Discussion Guides for Book Clubs
Reader’s Guide for The Thousand Dollar Dinner
- Parkinson’s’ luxurious 17-course feast would probably play out a little differently in today's society. If the same event were to take place today, how do you think it would unfold?
- Which of the items on the extensive menu seemed the most appealing? If you could pick one to try, what would it be?
- Many of the dishes on Parkinson’s menu were common in the nineteenth century, but are no longer popular today. Which dish/preparation was the most surprising?
- If you could have one of today’s top celebrity chefs create a 17-course feast for you, who would you choose and why?
- The nineteenth century was considered the “golden age” of wine. Parkinson carefully paired each course with exquisite wines, some rather strange to our modern palates. Which of these pairings seemed the most unusual? Which wine would you most like to try?
- Are there any dishes mentioned in the book you’d like to make on your own?
- While Parkinson’s restaurant did not make it into the twentieth century, Delmonico’s did. Why do you think Parkinson’s did not have the same staying power, even after winning the “culinary duel” that resulted in The Thousand Dollar Dinner?
- So much of our history can be learned through food – what people ate and why, what was in vogue at certain times, how it was prepared, etc. What was your biggest take-away after reading this story and the history of the various foods?
Reader’s Guide for Mrs. Goodfellow: The Story of America’s First Cooking School
- Mrs. Goodfellow's Cooking School was much different from those today whose focus is graduating students with a culinary arts career. What did you think of this early model? What impact did it have on the young women who attended, and cooking in general at that time?
- Cooking preparation took an incredible amount of time and energy in the 19th century. Did this make you think differently about how we cook and prepare food today?
- Did recreating Mrs. Goodfellow's day throughout the book make it easier to imagine what her life might have been like, or was it confusing?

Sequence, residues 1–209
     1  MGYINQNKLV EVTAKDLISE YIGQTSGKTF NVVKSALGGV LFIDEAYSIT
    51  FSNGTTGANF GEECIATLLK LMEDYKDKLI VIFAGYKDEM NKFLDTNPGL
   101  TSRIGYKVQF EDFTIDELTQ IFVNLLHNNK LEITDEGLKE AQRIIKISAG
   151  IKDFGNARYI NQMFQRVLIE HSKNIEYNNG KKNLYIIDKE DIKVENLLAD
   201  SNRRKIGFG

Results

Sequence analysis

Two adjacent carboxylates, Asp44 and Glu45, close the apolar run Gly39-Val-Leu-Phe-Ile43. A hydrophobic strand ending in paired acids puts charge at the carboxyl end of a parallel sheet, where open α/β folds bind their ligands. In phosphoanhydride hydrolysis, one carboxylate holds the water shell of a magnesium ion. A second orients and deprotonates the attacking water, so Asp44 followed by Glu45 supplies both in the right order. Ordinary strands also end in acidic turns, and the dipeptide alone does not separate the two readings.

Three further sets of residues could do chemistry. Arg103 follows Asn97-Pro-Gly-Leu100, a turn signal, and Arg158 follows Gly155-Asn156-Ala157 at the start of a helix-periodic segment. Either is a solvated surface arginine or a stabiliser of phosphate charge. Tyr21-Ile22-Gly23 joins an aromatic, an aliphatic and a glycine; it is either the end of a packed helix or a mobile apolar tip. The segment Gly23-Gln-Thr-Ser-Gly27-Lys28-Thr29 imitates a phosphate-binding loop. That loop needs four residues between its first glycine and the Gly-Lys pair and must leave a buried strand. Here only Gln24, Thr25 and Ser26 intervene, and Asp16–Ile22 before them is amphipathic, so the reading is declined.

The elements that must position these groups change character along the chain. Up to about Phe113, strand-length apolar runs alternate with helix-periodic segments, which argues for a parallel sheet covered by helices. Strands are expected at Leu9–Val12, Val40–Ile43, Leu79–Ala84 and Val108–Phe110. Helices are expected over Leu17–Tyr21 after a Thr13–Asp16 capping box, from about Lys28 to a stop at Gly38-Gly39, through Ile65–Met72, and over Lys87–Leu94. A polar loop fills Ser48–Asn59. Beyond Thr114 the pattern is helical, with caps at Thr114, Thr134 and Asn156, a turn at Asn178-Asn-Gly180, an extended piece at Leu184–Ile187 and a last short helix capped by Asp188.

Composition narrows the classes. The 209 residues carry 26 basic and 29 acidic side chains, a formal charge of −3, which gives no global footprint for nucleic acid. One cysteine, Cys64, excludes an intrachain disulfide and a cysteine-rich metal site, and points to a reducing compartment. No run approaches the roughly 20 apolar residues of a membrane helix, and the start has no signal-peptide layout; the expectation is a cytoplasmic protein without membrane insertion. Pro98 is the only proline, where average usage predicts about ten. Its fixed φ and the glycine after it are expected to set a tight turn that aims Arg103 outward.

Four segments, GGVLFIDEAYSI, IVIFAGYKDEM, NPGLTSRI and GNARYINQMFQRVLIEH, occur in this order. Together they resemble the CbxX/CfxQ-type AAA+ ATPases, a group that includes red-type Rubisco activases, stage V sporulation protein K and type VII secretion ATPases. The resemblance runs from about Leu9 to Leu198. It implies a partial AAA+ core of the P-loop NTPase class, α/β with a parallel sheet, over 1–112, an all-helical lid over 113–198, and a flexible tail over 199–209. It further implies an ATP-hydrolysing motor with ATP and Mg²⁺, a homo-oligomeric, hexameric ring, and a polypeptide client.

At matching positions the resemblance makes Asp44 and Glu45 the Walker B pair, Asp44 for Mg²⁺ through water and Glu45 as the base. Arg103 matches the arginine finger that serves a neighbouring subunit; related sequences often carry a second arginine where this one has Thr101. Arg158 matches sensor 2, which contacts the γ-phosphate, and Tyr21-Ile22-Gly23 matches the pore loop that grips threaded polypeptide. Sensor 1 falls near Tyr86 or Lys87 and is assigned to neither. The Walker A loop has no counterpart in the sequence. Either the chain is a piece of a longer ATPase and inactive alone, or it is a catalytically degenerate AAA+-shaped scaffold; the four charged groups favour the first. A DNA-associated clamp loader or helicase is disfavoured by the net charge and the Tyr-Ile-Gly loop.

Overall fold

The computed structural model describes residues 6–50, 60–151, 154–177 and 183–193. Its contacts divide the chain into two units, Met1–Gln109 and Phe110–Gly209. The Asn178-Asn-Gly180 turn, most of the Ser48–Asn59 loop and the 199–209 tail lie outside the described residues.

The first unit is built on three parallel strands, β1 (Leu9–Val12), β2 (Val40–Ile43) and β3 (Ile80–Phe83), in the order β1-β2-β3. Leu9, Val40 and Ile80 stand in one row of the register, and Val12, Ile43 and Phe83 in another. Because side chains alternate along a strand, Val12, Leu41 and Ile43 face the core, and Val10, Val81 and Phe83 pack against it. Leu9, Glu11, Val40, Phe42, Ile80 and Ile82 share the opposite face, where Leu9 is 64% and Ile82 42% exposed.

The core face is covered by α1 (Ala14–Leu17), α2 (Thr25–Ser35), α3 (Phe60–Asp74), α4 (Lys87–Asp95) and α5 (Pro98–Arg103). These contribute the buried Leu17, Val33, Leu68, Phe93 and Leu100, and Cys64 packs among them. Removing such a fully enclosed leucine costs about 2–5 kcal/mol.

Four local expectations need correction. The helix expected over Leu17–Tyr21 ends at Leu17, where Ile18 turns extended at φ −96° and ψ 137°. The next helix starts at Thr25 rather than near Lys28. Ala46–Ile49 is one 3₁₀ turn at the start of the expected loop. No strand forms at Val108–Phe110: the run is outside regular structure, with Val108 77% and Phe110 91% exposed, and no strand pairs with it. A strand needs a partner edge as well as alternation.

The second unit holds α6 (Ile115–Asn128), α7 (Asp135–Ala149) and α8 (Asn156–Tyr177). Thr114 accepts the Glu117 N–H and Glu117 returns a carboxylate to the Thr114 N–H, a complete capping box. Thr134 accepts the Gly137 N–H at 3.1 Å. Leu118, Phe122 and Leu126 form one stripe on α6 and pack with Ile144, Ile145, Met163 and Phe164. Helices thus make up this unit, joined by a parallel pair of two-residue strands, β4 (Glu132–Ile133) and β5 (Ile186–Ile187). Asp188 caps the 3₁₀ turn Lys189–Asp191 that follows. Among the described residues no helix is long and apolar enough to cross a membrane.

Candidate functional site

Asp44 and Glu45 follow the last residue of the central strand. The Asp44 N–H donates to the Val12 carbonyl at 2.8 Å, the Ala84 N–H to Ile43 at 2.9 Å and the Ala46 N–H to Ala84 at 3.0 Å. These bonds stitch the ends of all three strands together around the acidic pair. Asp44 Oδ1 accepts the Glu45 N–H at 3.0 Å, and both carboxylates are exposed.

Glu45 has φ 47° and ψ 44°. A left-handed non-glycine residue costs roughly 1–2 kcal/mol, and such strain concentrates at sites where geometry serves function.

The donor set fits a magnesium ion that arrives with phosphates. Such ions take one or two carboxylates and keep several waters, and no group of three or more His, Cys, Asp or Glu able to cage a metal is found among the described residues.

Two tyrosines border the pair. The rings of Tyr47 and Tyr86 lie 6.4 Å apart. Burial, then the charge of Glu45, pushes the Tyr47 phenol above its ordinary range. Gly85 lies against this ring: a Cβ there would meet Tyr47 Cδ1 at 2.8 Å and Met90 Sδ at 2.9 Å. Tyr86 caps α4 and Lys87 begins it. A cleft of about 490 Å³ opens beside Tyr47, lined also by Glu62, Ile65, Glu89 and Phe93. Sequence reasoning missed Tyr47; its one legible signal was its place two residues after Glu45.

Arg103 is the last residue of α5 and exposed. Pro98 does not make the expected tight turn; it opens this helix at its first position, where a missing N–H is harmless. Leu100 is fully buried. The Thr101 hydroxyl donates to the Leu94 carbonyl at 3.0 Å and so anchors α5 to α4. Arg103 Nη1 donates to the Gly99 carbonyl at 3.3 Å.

- Even though the author did extensive research, there was still much about Mrs. Goodfellow and her family that could not be determined. What missing details would you have liked to have known?
- Many of the recipes and foods fashionable in Mrs. Goodfellow's day (e.g. terrapin, "catchups," Spanish buns, and Indian pound cake) have since fallen out of favor. Which of these dishes would you most like to try? Which sound unappetizing to modern palates? Why do you think these dishes area no longer popular?
- Were you surprised to learn that Philadelphia had such a fine culinary reputation in the early 1800's? Did this make you think of the city differently?
- Mrs. Goodfellow paid strict attention to quality and detail in her products and teaching, using only pure, wholesome ingredients. How does this compare to the ingredients in many modern foods, and today's preparation methods? Do you think people are now coming back around to this idea of using more natural products to cook and bake with? If so, why?
- While she was alive, Mrs. Goodfellow had an impeccable reputation and was rather famous for her teaching skills and baked delicacies not only in Philadelphia, but up and down the east coast of America. Why do you think she is not well known today? What impact and influence do you think she has had on cooking over the years?